Buy limit orders are also useful in volatile markets. Assume a trader wants to buy a stock, but knows the stock has been moving wildly from day to day. They could place a market buy order, which takes the first available price, or they could use a buy limit order (or a buy stop order). Assume the stock closed yesterday at $10. The investor could place a buy limit at $10, assuring they won’t pay more than that. If the stock opens the next day at $11, they won’t be filled on the order, but they have also saved themselves from paying more than they wanted to.

Disadvantages of Buy Limit Orders

A buy limit order does not guarantee execution. Execution only occurs when the asset’s price trades down to the limit price and a sell order transacts with the buy limit order. The asset trading at the buy limit order price isn’t enough. The trader may have 100 shares posted to buy at that price, but there may be thousands of shares ahead of them also wanting to buy at that price. Therefore, the price will often need to completely clear the buy limit order price level in order for the buy limit order to fill. The earlier the order is put in the earlier in the queue the order will be at that price, and the greater the chance the order will have of being filled if the asset trades at the buy limit price.

Buy limit orders can also result in a missed opportunity. The price of the asset has to trade at the buy limit price or lower, but if it doesn’t the trader doesn’t get into their trade. Controlling costs and the amount paid for an asset is important, but so is seizing an opportunity. When an asset is quickly rising, it may not pull back to the buy limit price specified before roaring higher. Since the trader’s goal was to catch a move higher, they missed out by placing an order that was unlikely to be executed. If the trader wants to get in, at any cost, they could use a market order. If they don’t mind paying a higher price yet want to control how much they pay, a buy stop limit order is effective.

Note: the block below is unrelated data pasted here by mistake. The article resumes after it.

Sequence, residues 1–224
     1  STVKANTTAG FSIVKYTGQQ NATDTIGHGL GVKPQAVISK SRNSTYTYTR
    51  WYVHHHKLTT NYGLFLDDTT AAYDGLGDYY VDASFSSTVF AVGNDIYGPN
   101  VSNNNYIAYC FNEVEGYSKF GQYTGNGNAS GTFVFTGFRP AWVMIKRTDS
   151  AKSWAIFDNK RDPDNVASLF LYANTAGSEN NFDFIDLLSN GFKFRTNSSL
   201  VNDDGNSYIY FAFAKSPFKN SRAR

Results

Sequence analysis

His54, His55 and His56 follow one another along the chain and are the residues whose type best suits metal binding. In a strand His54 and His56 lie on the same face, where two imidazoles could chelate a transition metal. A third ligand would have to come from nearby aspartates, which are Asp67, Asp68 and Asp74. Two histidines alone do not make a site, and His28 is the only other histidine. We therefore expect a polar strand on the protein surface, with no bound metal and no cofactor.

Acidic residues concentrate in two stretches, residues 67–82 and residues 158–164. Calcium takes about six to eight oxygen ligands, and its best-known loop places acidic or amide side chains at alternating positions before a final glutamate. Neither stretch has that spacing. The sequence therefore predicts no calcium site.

Some brokers charge a higher commission for a buy limit order than for a market order. This is largely an outdated practice, though, as most brokers charge either a flat fee or no fee per order, or charge based on the number of shares traded (or dollar amount), and don’t charge based on order type.

Buy Limit Order Example

Apple stock is trading at a $125.25 bid and a $125.26 offer when an investor decides they want to add Apple to their portfolio. They have several choices in terms of order types. They could use a market order and buy the stock at $125.26 (assuming the offer stays the same, and there are enough shares at that price to fill the market buy order), or they could use a buy limit at any price of $125.25 or below.

Maybe the trader believes the price will fall slightly over the next several weeks, so they place a buy limit order at $121. If Apple stock trades down to $121 (ideally $120.99 to assure the order is filled) then the investor will own shares at $121, a significant savings from the $125.25/26 price the investor first saw.

The price may not drop to $121, though. Instead, it may move from a $125.25 bid up to $126, then $127, then $140 over the next several weeks. The price rise the investor wanted to participate in has been missed because their buy limit order at $121 was never executed.